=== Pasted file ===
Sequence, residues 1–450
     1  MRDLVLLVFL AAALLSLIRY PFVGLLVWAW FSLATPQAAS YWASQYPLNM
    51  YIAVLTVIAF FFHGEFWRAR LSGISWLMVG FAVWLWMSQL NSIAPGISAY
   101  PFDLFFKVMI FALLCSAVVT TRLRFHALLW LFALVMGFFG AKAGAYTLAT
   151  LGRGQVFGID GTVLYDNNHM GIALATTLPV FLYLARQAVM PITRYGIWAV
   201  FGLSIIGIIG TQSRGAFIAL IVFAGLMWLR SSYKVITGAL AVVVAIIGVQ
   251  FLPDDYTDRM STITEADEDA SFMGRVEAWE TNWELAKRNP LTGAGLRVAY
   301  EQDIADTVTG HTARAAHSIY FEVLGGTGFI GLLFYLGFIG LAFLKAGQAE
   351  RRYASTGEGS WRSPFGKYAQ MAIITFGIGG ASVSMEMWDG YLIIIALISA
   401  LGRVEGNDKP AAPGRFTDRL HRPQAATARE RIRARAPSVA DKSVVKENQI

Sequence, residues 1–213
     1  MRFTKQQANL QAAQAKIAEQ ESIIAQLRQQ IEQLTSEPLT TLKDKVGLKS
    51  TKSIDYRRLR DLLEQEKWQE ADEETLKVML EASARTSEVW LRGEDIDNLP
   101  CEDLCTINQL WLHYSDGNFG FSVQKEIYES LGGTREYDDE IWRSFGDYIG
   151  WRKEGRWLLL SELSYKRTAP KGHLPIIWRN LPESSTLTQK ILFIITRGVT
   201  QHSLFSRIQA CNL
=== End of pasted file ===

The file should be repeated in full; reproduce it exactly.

Sequence, residues 1–450
     1  MRDLVLLVFL AAALLSLIRY PFVGLLVWAW FSLATPQAAS YWASQYPLNM
    51  YIAVLTVIAF FFHGEFWRAR LSGISWLMVG FAVWLWMSQL NSIAPGISAY
   101  PFDLFFKVMI FALLCSAVVT TRLRFHALLW LFALVMGFFG AKAGAYTLAT
   151  LGRGQVFGID GTVLYDNNHM GIALATTLPV FLYLARQAVM PITRYGIWAV
   201  FGLSIIGIIG TQSRGAFIAL IVFAGLMWLR SSYKVITGAL AVVVAIIGVQ
   251  FLPDDYTDRM STITEADEDA SFMGRVEAWE TNWELAKRNP LTGAGLRVAY
   301  EQDIADTVTG HTARAAHSIY FEVLGGTGFI GLLFYLGFIG LAFLKAGQAE
   351  RRYASTGEGS WRSPFGKYAQ MAIITFGIGG ASVSMEMWDG YLIIIALISA
   401  LGRVEGNDKP AAPGRFTDRL HRPQAATARE RIRARAPSVA DKSVVKENQI

Sequence, residues 1–213
     1  MRFTKQQANL QAAQAKIAEQ ESIIAQLRQQ IEQLTSEPLT TLKDKVGLKS
    51  TKSIDYRRLR DLLEQEKWQE ADEETLKVML EASARTSEVW LRGEDIDNLP
   101  CEDLCTINQL WLHYSDGNFG FSVQKEIYES LGGTREYDDE IWRSFGDYIG
   151  WRKEGRWLLL SELSYKRTAP KGHLPIIWRN LPESSTLTQK ILFIITRGVT
   201  QHSLFSRIQA CNL